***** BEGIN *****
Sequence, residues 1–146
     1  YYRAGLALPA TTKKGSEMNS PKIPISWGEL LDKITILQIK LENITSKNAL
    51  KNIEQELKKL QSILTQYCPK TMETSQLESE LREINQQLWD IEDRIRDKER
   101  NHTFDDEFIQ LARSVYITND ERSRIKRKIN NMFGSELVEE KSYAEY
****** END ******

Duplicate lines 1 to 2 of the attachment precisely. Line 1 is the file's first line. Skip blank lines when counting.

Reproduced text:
Sequence, residues 1–146
     1  YYRAGLALPA TTKKGSEMNS PKIPISWGEL LDKITILQIK LENITSKNAL